Do Muslims Love Jesus? Explore More Content
Muslims love Jesus too. At least, that’s what a new billboard campaign claims. The question, though, is which Jesus do they love?
There’s the Jesus described by the Gospel writers. These eyewitnesses walked with Jesus, ate with him, talked with him, and saw Him perform miracles. They knew Him.
Then, there’s the Jesus described 600 years later by the Qur’an. That author did not know Jesus, see Jesus, or live anywhere near where Jesus ministered.
As one would expect, the Jesus of the Qur’an looks a lot different than the biblical Jesus. That’s significant, since the billboard campaign gives the impression that Muslims love the same Jesus that Christians do.
But that’s not the case. The Jesus of the Bible is the son of God, the second person of the Trinity, was crucified, resurrected, and atoned for the sins of mankind. The Qur’an, on the other hand, denies every one of these points: the Trinity, His death on the cross, His resurrection, and the atonement. These differences aren’t merely incidental details. They are fundamental attributes of the identity and role of Christ. If you deny them, you deny the real Jesus.
Not only does the Qur’an paint a different picture of Jesus, it depicts an Islamicized version of Him. New Testament scholar Craig Evans points out, “All of the Qur'anic traditions are dependent on the New Testament and/or Christian teachings…Much of it reflects Islamic ideas. Some of it may reflect aspects of Jewish-Christian polemic. None derives from early, independent sources.”
Don’t get me wrong. I’m not against Muslims loving Jesus. I hope they fully embrace Him, His teachings, and His atoning work. But they need to love the Jesus of history, not the Christ of the Qur’an. The former is real while the latter is fictionalized.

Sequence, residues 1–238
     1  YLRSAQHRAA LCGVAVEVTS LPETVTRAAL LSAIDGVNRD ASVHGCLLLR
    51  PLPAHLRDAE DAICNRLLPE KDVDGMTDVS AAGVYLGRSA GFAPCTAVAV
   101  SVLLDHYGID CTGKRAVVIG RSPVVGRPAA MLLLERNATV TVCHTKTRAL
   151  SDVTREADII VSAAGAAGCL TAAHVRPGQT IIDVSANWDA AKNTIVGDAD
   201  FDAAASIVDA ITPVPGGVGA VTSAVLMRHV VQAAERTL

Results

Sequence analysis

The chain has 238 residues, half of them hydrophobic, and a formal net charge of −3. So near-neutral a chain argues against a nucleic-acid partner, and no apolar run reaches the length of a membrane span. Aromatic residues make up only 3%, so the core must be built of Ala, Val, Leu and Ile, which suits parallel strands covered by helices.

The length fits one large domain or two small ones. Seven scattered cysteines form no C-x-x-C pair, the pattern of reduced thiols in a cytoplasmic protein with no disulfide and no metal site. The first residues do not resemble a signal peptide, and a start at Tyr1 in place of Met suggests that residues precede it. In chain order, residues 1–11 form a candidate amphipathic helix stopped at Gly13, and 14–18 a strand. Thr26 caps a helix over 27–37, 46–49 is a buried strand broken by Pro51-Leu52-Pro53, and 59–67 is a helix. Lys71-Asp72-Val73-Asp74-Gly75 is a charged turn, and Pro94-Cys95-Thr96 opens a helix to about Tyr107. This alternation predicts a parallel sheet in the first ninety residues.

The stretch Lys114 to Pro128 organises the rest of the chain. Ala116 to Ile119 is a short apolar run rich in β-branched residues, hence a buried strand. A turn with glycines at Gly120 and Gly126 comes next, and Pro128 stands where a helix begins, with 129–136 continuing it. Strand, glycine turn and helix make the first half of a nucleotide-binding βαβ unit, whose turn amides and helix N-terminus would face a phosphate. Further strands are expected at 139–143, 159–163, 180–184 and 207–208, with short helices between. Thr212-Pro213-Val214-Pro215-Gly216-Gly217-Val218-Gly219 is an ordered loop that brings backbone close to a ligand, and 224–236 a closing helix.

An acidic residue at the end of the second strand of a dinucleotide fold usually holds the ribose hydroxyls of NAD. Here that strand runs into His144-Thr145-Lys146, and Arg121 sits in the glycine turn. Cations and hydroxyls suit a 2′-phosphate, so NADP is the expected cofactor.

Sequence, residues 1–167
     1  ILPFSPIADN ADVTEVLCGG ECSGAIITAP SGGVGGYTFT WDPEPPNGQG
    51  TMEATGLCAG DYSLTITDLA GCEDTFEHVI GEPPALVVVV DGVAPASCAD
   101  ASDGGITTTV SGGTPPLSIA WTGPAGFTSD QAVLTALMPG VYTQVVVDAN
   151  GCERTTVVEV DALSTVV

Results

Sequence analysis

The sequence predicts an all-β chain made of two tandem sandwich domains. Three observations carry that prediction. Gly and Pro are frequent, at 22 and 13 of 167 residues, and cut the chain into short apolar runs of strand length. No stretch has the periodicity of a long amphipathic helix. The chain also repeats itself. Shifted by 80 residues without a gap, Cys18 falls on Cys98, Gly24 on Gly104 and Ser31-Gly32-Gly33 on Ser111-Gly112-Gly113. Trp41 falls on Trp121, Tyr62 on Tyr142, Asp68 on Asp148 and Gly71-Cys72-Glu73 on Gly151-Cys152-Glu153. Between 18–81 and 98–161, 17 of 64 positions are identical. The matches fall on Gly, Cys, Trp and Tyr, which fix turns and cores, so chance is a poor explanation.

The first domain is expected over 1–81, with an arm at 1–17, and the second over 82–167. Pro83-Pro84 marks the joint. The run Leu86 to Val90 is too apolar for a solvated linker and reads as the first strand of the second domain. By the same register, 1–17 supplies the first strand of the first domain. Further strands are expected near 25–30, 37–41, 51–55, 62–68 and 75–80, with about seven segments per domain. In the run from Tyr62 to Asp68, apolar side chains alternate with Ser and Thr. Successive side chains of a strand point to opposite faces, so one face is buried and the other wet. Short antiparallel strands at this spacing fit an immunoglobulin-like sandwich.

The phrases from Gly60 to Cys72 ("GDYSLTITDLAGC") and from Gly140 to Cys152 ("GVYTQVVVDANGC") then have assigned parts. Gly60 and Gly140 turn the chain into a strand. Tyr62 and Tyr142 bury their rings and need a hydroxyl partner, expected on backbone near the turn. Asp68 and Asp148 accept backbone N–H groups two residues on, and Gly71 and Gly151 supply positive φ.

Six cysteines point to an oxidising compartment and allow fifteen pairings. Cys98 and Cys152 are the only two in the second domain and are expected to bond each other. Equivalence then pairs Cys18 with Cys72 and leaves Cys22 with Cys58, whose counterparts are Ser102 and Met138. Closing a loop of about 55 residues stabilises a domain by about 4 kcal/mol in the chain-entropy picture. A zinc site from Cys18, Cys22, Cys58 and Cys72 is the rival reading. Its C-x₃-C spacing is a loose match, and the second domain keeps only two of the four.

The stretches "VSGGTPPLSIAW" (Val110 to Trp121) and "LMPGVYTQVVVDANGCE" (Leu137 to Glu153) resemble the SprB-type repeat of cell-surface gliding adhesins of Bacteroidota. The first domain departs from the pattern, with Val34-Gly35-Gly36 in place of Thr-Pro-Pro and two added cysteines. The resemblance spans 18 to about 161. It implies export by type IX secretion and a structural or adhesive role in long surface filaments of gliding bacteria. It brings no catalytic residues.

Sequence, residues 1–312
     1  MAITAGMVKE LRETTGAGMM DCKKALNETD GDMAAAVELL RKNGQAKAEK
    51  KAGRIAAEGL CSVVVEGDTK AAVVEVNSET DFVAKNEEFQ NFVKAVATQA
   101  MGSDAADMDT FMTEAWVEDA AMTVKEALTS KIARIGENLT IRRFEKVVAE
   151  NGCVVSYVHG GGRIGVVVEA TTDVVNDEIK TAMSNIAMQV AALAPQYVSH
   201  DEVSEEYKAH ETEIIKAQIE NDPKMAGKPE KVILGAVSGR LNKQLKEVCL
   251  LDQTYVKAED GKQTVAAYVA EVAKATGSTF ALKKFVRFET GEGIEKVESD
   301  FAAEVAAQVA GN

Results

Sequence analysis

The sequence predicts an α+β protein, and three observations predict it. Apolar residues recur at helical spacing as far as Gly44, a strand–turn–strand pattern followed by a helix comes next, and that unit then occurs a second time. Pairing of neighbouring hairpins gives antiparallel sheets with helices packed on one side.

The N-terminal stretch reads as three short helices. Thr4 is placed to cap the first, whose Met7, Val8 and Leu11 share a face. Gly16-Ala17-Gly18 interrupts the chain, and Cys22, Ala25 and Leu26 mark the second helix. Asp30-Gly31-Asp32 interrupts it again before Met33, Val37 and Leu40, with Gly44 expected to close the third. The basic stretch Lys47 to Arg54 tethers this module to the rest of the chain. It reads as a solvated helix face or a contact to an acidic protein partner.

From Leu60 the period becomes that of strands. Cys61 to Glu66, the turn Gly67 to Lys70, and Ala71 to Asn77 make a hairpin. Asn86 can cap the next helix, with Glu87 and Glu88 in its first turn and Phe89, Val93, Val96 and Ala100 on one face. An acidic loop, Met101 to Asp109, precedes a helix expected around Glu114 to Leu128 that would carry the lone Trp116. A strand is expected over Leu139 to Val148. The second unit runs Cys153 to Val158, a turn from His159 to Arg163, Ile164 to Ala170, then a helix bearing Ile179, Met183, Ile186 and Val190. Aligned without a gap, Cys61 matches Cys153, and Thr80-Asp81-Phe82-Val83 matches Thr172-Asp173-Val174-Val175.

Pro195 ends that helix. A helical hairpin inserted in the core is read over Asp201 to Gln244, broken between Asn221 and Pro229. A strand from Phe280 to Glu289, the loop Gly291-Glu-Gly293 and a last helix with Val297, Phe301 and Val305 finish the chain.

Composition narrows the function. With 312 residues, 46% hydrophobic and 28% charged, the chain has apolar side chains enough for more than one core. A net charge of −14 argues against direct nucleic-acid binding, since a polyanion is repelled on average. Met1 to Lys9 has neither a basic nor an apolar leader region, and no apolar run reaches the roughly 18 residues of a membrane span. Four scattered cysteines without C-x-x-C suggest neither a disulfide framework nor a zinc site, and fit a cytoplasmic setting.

Muslims, in fact, have good reason to accept the biblical Jesus. Their highest authority, the Qur’an, affirms the Gospel (and also the Torah and Psalms) as a divine revelation from Allah. It places the Gospel on par with the Qur’an, saying that Muslims should believe in both revelations (Surah 29:46) and “Make no difference between one and another of them” (Surah 2:136).
I realize that present-day Muslims might balk at these Qur’anic commands and claim the Christian scriptures are corrupted. This, though, is a Muslim belief and not a Qur’anic teaching. For four hundred years after Mohammed, no Muslim scholar claimed the Bible was corrupt. Now, however, the claim of corruption is deeply embedded in Muslim culture, but it’s not backed by their highest authority. I explain more about how Muslims can accept the Gospel in The Ambassador’s Guide to Islam.
The bottom line, though, is that anyone can claim to love Jesus. But who is this Jesus you’re claiming to love? While Jehovah’s Witnesses might love Jesus, they claim he is the archangel Michael. While Mormons might claim to love Jesus, they believe he is a god, but not the God. In the same way, Muslims claim to love Jesus, but they believe he is merely a human and a prophet like Moses or Mohammed.
It’s one thing to fashion Jesus to your liking and claim to love him. That’s easy. It’s a different thing to love Jesus as He truly exists.
So, while I think the billboard campaign is misleading, I think Christians can still use a Muslim’s love or commitment to Christ as a common denominator leading to further discussion. We may have the opportunity to eventually point Muslims to His true identity found in the Gospels.